Goethe's Faust has inspired a great deal of literature, music, and illustration.
Walter Kaufmann asserts that "Goethe created a character [i.e. Faust] who was accepted by his people as their ideal prototype."
Although today many of the classical and Central European themes may be hard for the modern reader to grasp, the work remains a resonant parable on scientific learning and religion, passion and seduction, independence and love, as well as other subjects. In poetic terms, Goethe places science and power in the context of a morally interested metaphysics. Faust is a scientific empiricist who is forced to confront questions of good and evil, God and the devil, sexuality and mortality.
The German language has itself been influenced by Goethe's Faust, particularly by the first part. One example of this is the phrase "des Pudels Kern," which means the real nature or deeper meaning of something (that was not evident before). The literal translation of "des Pudels Kern" is "the core of the poodle," and it originates from Faust's exclamation upon seeing the poodle (which followed him home) turn into Mephistopheles. Another instance originates in the scene wherein Gretchen asks Faust if he is religious. In German, the word "Gretchenfrage" (literally "Gretchen question") refers to a question aiming at the core of the issue, often forcing the answering person to make a confession or a difficult decision.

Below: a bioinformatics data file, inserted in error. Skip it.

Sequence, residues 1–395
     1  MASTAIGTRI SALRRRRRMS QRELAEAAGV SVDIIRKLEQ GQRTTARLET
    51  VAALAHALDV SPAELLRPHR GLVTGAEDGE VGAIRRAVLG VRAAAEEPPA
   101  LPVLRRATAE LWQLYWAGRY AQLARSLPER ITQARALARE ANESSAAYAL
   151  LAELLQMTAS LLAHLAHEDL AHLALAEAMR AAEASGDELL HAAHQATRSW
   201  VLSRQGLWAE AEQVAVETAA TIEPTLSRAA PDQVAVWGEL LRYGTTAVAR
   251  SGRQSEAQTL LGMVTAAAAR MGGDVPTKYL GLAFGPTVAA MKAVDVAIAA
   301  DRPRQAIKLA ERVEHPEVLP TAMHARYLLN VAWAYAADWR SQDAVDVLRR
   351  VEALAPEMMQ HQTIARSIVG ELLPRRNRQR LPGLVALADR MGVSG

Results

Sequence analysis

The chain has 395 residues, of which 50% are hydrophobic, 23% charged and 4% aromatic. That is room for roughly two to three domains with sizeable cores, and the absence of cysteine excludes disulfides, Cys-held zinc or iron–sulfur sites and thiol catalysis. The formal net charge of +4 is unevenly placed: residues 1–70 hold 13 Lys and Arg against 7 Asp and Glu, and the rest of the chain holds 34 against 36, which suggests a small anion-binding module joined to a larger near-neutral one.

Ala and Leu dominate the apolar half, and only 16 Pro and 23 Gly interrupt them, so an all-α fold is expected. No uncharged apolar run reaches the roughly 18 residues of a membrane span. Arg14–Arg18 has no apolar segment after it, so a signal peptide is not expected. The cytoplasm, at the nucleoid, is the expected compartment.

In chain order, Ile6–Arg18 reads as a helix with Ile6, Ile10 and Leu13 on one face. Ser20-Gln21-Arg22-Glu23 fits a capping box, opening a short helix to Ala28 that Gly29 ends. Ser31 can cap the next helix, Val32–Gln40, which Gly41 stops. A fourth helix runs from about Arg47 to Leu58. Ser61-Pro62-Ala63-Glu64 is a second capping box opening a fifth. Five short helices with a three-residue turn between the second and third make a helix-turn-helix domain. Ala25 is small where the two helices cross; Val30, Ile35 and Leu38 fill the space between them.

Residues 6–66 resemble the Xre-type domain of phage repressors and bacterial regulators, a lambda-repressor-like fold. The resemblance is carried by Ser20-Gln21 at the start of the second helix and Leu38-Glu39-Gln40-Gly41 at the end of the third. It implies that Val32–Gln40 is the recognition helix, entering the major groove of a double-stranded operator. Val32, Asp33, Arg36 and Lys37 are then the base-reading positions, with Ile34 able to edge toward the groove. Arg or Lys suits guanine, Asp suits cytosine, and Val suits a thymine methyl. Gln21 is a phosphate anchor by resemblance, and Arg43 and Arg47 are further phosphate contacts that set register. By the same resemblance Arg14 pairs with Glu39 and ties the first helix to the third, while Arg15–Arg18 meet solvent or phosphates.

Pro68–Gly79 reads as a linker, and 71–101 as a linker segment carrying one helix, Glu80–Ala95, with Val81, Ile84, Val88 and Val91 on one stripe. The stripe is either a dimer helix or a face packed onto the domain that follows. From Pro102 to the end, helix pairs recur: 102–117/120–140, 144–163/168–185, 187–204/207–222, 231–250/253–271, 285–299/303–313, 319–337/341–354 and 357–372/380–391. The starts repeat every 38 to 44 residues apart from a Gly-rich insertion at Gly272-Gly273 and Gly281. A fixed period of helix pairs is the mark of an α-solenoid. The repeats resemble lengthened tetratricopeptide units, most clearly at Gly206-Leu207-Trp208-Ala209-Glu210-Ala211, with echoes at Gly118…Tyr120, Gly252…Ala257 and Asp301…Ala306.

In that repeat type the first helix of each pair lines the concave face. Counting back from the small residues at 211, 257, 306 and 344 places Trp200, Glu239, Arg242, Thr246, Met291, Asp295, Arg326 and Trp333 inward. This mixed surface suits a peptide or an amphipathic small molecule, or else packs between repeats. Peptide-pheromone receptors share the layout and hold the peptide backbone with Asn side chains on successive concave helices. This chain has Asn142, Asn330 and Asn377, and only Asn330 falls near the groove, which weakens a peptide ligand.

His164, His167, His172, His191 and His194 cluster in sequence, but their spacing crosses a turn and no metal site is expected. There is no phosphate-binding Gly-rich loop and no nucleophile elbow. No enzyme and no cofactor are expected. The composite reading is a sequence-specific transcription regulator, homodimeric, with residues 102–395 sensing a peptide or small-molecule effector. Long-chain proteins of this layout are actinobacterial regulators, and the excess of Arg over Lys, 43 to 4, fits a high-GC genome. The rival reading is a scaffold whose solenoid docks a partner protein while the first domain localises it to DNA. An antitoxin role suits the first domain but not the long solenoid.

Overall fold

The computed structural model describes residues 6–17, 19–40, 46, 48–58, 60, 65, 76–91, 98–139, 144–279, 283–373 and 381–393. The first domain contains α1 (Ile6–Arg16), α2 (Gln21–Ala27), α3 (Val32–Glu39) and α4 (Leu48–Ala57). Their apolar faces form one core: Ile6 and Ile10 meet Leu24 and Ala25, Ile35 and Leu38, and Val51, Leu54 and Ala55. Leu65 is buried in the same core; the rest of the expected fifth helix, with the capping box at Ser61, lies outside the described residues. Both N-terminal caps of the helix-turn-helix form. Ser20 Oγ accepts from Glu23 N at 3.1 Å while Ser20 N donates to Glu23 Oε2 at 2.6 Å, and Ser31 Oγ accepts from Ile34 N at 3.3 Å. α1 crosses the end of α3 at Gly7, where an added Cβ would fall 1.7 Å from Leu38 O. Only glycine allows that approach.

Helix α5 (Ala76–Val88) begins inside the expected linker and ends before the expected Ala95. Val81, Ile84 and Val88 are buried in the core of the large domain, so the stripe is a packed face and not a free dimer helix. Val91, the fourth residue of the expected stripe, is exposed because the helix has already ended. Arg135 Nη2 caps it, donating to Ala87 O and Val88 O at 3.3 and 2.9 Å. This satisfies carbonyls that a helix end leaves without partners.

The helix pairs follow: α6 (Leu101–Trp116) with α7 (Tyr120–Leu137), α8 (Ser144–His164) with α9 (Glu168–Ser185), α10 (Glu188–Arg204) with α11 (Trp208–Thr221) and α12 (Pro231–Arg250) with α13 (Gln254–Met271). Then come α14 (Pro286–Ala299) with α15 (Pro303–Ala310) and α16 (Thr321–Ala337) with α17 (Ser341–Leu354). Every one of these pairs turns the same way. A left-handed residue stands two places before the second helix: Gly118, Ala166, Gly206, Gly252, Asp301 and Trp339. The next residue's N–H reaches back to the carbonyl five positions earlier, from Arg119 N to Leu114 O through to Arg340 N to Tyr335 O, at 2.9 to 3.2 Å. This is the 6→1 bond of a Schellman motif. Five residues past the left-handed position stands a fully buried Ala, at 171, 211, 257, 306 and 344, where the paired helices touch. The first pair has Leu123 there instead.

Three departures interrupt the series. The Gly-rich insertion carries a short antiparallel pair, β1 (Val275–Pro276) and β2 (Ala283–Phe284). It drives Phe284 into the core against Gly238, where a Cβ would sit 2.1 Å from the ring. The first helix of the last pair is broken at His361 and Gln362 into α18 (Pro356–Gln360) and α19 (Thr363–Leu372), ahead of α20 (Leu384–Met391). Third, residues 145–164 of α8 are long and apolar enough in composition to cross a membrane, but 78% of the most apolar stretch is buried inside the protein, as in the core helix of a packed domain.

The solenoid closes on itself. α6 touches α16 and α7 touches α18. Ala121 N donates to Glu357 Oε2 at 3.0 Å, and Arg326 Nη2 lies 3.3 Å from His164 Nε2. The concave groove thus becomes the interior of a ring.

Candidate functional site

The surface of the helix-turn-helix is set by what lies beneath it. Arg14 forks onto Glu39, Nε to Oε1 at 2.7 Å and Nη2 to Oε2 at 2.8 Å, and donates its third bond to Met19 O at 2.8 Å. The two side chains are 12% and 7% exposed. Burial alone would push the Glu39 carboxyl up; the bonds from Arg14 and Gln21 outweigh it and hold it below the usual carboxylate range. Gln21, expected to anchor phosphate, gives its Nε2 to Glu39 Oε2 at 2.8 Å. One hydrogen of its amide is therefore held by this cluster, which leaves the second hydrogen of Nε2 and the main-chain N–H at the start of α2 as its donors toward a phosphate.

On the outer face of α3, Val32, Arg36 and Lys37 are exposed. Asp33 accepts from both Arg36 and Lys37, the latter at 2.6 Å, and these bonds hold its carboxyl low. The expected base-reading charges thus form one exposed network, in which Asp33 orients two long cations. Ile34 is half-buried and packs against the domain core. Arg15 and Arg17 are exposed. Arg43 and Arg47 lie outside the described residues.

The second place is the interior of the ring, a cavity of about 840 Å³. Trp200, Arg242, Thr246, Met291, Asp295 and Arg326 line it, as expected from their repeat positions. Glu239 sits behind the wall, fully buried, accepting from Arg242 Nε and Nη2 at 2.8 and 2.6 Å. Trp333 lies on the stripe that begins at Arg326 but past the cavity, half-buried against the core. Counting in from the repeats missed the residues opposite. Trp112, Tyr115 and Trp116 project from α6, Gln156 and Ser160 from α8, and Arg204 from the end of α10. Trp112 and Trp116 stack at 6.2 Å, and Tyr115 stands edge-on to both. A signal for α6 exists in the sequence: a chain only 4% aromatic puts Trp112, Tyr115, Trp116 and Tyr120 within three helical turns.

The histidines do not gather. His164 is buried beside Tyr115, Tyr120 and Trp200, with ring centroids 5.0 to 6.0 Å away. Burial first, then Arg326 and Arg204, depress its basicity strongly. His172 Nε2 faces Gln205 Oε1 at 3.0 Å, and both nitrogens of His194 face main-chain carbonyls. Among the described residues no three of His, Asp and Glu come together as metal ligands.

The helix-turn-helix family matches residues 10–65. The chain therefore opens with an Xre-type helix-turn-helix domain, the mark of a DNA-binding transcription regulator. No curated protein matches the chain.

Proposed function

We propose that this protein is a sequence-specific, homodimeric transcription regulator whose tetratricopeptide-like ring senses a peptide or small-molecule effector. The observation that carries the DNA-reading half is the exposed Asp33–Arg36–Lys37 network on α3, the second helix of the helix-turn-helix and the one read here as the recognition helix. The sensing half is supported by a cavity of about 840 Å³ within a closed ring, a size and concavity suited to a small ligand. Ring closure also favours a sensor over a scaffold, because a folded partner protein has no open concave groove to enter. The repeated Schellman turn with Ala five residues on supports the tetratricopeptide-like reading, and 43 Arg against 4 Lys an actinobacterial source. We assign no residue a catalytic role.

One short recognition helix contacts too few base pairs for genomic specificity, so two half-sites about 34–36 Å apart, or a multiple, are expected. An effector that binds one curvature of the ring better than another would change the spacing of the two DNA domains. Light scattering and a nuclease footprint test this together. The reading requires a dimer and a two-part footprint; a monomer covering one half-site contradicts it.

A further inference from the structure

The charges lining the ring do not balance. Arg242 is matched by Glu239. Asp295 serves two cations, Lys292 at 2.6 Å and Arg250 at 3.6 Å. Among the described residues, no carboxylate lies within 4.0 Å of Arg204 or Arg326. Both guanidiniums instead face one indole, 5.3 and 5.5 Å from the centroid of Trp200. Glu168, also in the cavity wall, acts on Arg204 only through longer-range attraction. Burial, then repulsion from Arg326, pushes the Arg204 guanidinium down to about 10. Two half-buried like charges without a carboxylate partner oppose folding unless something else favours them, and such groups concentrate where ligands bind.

Much of the content of this article is translated from the equivalent German-language Wikipedia article (retrieved November 6, 2005). The German articles Johann Wolfgang von Goethe, Gustaf Gründgens, and Knittelvers were also referred to. The following references are cited by the German-language Faust I
- Introductory Note
- The Tragedy Of Faust—Dedication
- Prologue For The Theatre
- Prologue In Heaven
- Before The Gate
- Auerbach's Cellar In Leipzig
- The Witch's Kitchen—Faust, Mephistopheles And The Monkies
- The Witch Returns
- Evening—A Small And Neat Room
- Promenade—Faust And Mephistopheles
- The Neighbour's House—Martha, Margaret And Mephistopheles
- A Street—An Evening Walk In The Garden
- A Garden
- A Summer-House
- Forest And Cavern—Faust And Mephistopheles
- Margaret's Room
- Martha's Garden
- In The Cathedral
- A Little Pair
- A Gloomy Day. A Plain